# Hysteresis in finite automata

The concept of hysteresis seems well suited to describe and distinguish finite automata:

"Hysteresis is the dependence of the state of a system on its history." (Wikipedia, Hysteresis)

"[The state of a finite state machine] is determined by its history. (Minsky, Computation)

What I am looking for is a definition of hysteresis strength $H$ of finite automata distinguishing finite automata with a stronger dependence on history from those with a weaker one.

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Thanks to domotorp's hint, I found that the Nerode index is a good such measure: finite automata (equivalent to finite regular expressions) have a finite Nerode index, and the smaller the Nerode index is, the less "memory" (or hysteresis strength) the automaton has.

But: The Nerode index is defined rather abstractly, as the number of equivalence classes of a language with respect to the Nerode equivalence relation.

What I would like to know:

1. How is the Nerode index related to the structure/complexity/size of a regular expression?

2. How is the Nerode index related to the structure/complexity/size of an equivalent state diagram?

Is there more to say than:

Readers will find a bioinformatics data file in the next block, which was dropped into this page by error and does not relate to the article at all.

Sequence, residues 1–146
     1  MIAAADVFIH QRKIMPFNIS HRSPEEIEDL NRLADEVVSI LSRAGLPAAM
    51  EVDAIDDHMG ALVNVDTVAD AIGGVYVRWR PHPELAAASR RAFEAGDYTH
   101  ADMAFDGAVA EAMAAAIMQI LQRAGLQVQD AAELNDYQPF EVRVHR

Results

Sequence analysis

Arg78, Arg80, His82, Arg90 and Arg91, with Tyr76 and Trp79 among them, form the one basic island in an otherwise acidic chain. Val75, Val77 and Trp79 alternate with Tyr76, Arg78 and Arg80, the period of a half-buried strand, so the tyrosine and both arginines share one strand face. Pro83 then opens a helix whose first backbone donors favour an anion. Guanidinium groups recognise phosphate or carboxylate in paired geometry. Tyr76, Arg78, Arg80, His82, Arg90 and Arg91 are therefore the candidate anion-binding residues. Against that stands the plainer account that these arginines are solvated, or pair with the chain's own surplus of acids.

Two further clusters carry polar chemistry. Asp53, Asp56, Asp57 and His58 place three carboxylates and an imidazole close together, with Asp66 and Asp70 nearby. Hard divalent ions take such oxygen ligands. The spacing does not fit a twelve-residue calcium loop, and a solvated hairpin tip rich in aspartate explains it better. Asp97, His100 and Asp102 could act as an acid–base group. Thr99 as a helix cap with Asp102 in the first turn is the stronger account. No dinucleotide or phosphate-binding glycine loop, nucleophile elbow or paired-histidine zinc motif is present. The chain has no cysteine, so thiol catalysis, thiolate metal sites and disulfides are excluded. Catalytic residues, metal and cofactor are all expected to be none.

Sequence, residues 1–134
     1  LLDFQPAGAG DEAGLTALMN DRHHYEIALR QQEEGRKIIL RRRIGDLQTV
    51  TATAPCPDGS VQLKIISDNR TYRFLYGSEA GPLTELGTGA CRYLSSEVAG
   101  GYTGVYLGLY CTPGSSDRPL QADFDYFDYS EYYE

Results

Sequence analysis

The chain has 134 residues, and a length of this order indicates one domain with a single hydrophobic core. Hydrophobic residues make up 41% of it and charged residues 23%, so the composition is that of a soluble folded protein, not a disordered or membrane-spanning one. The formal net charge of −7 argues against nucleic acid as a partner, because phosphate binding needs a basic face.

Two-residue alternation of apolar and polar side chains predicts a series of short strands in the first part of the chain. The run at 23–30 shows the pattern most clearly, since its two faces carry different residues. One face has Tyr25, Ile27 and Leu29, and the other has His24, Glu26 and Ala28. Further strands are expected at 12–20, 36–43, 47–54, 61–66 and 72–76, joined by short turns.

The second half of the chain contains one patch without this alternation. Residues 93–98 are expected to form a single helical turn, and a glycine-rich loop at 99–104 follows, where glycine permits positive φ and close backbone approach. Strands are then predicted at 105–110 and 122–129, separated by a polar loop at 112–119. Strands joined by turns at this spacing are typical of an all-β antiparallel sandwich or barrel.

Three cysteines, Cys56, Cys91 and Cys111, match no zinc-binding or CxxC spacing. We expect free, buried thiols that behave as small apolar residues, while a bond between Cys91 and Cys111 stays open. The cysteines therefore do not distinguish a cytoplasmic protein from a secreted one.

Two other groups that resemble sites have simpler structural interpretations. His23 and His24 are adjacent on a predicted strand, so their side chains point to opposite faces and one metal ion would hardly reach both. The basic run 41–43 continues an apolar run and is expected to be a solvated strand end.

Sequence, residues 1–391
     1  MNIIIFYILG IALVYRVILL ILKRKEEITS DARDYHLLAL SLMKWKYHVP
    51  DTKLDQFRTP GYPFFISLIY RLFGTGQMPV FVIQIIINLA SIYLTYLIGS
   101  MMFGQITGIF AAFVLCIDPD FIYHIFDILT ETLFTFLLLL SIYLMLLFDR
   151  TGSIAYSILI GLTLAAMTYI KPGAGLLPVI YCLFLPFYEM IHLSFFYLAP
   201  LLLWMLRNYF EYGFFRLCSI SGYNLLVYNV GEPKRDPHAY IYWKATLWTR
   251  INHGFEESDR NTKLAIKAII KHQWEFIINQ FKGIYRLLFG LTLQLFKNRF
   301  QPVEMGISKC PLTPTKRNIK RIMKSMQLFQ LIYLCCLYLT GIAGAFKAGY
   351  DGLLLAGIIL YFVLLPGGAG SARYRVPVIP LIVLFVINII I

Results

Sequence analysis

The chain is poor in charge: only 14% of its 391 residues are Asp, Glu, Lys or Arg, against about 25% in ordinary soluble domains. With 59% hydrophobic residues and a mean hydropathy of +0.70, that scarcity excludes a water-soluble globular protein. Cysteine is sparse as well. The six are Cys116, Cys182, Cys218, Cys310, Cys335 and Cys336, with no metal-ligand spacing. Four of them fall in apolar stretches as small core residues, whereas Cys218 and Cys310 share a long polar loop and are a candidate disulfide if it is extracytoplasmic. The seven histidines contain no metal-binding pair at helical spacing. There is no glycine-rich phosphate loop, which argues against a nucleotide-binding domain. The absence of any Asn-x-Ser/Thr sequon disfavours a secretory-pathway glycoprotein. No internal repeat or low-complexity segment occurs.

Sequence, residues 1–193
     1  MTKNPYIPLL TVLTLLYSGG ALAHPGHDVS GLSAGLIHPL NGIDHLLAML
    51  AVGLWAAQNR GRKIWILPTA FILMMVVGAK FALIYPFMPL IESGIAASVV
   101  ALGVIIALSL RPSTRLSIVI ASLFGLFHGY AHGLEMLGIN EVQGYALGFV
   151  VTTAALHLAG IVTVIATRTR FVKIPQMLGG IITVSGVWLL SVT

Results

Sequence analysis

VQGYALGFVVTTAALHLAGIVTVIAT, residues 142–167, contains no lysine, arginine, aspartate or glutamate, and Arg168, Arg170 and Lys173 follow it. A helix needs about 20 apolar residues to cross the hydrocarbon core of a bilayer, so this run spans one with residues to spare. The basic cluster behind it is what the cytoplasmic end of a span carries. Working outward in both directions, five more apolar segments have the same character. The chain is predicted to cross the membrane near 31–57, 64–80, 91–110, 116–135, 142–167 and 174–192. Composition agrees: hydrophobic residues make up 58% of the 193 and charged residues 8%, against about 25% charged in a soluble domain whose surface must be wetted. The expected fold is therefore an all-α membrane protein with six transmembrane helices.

• The lesser complex the regular expression describing an automaton is, the smaller its Nerode index is.

• The Nerode index is correlated to the number of (accessible) states.

• You can consider automata s.t. the state is a function of the last $k$ input symbols. However, for some automata no finite $k$ is sufficient. – Vanessa Nov 16 '16 at 20:28
• What is an automata with memory/what is a memory-less automata? Are you aware of the Myhill-Nerode theorem? – domotorp Nov 17 '16 at 12:16
• crossposted on math.stackexchange.com/questions/2016512/… – domotorp Nov 17 '16 at 12:17
• 1. I tried to sketch how a memory-less automaton might look like. Why doesn't this work? 2. I was not. Thanks for the hint. – Hans-Peter Stricker Nov 17 '16 at 14:23
• From your question, it seems like you are not understanding the Myhill-Nerode theorem. The number of equivalence classes is exactly equal to the minimum number of states of a DFA recognizing the language. On the other hand, the size of a regular expression corresponds more closely to the size of an NFA, which can be a lot smaller, and for which the theory is not nearly as nice. – Sasho Nikolov Nov 18 '16 at 15:27